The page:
US8479193B2 - Method, apparatus and system for enhancing the usability of virtual machines - Google Patents

Method, apparatus and system for enhancing the usability of virtual machines Download PDF

Info

Publication number
US8479193B2
US8479193B2 US11/016,654 US1665404A US8479193B2 US 8479193 B2 US8479193 B2 US 8479193B2 US 1665404 A US1665404 A US 1665404A US 8479193 B2 US8479193 B2 US 8479193B2
Authority
US
United States
Prior art keywords
communication
vm
vms
data
host
Prior art date
Legal status (The legal status is an assumption and is not a legal conclusion. Google has not performed a legal analysis and makes no representation as to the accuracy of the status listed.)
Expired - Fee Related, expires
Application number
US11/016,654
Other versions
US20060136911A1 (en
Inventor
Scott H. Robinson
Vijay Tewari
Robert C. Knauerhase
Current Assignee (The listed assignees may be inaccurate. Google has not performed a legal analysis and makes no representation or warranty as to the accuracy of the list.)
Intel Corp
Original Assignee
Intel Corp
Priority date (The priority date is an assumption and is not a legal conclusion. Google has not performed a legal analysis and makes no representation as to the accuracy of the date listed.)
Filing date
Publication date
Application filed by Intel Corp filed Critical Intel Corp
Priority to US11/016,654 priority Critical patent/US8479193B2/en
Assigned to INTEL CORPORATION reassignment INTEL CORPORATION ASSIGNMENT OF ASSIGNORS INTEREST (SEE DOCUMENT FOR DETAILS). Assignors: KNAUERHASE, ROBERT C., ROBINSON, SCOTT H., TEWARI, VIJAY
Publication of US20060136911A1 publication Critical patent/US20060136911A1/en
Application granted granted Critical
Publication of US8479193B2 publication Critical patent/US8479193B2/en
Application status is Expired - Fee Related legal-status Critical
Adjusted expiration legal-status Critical

Links

Images

Classifications

    • GPHYSICS
    • G06COMPUTING; CALCULATING; COUNTING
    • G06FELECTRIC DIGITAL DATA PROCESSING
    • G06F21/00Security arrangements for protecting computers, components thereof, programs or data against unauthorised activity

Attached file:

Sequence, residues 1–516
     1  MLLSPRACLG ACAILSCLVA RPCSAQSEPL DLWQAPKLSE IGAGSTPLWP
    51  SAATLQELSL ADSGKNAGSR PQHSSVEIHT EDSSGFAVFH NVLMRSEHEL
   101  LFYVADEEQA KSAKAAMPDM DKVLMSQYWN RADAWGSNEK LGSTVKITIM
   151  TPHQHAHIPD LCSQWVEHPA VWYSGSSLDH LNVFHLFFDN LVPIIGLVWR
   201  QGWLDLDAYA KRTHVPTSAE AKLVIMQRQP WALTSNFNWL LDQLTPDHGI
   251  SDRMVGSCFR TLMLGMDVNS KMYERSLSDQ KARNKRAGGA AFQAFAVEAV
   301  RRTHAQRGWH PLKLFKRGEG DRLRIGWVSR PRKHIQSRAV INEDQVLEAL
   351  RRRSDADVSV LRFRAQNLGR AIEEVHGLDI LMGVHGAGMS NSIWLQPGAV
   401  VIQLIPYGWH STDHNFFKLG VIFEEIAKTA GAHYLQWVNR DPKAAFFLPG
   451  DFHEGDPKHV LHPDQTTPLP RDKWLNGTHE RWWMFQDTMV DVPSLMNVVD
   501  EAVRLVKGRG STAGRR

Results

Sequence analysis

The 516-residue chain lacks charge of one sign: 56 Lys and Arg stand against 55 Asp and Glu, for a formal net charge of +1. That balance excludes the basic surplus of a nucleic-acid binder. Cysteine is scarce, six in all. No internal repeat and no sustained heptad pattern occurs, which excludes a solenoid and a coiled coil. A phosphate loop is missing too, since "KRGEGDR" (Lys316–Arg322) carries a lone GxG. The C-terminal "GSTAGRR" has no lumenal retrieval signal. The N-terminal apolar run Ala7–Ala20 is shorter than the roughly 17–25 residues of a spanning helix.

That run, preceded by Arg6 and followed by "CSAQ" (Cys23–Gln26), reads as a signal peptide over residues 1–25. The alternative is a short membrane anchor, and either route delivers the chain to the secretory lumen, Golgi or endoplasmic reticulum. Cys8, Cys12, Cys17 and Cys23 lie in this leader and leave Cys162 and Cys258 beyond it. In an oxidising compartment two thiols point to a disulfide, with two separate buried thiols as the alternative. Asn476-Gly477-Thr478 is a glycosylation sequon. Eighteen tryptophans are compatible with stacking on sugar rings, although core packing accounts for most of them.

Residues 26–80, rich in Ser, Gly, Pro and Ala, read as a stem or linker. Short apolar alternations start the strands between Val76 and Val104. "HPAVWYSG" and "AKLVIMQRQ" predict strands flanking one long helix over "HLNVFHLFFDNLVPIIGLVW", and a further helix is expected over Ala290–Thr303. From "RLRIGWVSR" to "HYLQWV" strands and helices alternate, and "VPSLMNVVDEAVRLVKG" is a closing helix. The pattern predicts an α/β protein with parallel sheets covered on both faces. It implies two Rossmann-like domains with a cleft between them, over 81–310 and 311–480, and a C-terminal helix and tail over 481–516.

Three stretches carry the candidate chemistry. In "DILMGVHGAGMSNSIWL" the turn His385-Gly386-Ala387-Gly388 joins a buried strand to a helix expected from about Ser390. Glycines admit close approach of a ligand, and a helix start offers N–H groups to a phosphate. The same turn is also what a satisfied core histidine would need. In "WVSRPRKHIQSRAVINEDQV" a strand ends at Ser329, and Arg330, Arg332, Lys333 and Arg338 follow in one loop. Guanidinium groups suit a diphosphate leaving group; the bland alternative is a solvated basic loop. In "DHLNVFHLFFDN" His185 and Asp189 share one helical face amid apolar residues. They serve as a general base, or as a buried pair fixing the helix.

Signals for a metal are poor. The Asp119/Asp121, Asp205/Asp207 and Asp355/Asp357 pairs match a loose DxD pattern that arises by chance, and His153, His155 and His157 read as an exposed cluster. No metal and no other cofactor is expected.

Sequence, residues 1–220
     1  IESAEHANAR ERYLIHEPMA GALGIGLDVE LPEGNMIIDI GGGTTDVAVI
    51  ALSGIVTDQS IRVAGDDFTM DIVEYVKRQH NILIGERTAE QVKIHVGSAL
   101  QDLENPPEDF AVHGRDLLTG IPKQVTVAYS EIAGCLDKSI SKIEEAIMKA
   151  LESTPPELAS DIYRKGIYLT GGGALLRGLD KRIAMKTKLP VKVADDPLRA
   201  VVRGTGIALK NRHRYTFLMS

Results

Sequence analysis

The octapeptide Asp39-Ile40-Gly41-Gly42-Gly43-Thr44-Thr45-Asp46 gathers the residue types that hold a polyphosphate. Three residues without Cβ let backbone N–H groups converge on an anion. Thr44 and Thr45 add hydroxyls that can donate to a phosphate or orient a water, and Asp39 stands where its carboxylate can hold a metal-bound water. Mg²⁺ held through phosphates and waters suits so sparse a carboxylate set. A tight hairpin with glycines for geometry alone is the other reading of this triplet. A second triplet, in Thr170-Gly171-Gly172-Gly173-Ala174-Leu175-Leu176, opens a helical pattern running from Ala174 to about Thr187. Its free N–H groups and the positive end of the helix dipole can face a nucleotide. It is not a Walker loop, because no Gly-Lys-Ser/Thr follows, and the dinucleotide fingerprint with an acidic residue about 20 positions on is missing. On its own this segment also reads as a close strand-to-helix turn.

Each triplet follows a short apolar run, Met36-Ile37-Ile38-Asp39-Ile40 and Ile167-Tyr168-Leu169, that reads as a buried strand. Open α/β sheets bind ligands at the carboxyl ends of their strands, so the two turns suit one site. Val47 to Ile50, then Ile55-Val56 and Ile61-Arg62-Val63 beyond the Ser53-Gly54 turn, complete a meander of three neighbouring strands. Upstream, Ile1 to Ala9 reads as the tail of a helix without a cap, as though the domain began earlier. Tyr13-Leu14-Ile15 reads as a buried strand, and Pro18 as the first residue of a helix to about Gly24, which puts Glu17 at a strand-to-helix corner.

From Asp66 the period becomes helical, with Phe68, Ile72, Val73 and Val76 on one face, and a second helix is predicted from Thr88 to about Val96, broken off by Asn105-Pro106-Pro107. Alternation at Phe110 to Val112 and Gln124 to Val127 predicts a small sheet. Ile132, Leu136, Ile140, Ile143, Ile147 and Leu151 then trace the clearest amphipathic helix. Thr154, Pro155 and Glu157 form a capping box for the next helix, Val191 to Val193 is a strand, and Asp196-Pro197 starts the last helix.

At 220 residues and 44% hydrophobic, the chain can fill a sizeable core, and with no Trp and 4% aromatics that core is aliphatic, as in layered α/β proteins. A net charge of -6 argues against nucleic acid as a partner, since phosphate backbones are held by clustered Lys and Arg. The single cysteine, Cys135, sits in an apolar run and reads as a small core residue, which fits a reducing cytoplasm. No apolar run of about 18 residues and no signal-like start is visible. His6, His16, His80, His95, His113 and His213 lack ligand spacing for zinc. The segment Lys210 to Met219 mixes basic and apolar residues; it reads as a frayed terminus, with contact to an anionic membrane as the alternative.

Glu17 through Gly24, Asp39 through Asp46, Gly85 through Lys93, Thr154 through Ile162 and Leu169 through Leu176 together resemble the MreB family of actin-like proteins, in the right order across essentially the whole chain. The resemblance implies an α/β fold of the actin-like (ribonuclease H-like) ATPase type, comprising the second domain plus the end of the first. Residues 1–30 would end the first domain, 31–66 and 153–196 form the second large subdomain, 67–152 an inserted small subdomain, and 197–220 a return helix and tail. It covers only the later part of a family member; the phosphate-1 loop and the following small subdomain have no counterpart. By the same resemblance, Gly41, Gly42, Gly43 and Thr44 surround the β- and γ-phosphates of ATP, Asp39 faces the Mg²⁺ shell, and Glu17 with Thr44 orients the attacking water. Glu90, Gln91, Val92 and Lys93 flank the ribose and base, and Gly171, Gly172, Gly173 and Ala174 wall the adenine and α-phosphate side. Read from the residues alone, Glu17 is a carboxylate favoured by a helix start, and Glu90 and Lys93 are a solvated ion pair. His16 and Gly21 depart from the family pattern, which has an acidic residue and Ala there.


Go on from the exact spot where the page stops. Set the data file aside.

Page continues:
• G06F21/50Monitoring users, programs or devices to maintain the integrity of platforms, e.g. of processors, firmware or operating systems
    • G06F21/55Detecting local intrusion or implementing counter-measures
    • GPHYSICS
    • G06COMPUTING; CALCULATING; COUNTING
    • G06FELECTRIC DIGITAL DATA PROCESSING
    • G06F9/00Arrangements for program control, e.g. control units
    • G06F9/06Arrangements for program control, e.g. control units using stored programs, i.e. using an internal store of processing equipment to receive or retain programs
    • G06F9/44Arrangements for executing specific programs
    • G06F9/455Emulation; Interpretation; Software simulation, e.g. virtualisation or emulation of application or operating system execution engines
    • G06F9/45533Hypervisors; Virtual machine monitors

Abstract

A method, apparatus and system for improving usability of virtual machines is described. A console module on a VM host may continuously monitor incoming data (e.g., files and/or attachments) and make automatic determinations regarding how and/or whether to intercept, route, redirect and/or deliver the data (e.g., where to store files, when and/or whether to deliver the files, execute the files, etc.). Additionally, in one embodiment, a unification console may be provided to enhance the usability of the VM host. The unification console enables the user to view the VM host via a unified desktop interface while handling the underlying switching and/or interactions between VMs.

Description

BACKGROUND

Virtualization technology enables a single host computer running a virtual machine monitor (“VMM”) to present multiple abstractions and/or views of the host, such that the underlying hardware of the host appears as one or more independently operating virtual machines (“VMs”). Each VM may function as a self-contained platform, running its own operating system (“OS”) and/or a software application(s). The VMM manages allocation of resources on the host and performs context switching as necessary to cycle between various virtual machines according to a round-robin or other predetermined scheme.

Given the complexity and processing requirements of virtualization, this technology has typically been available only on workstations, servers and/or mainframes for use by sophisticated users. As processor technology advances, however, virtualization is being made available in the desktop environment for use by average users.

BRIEF DESCRIPTION OF THE DRAWINGS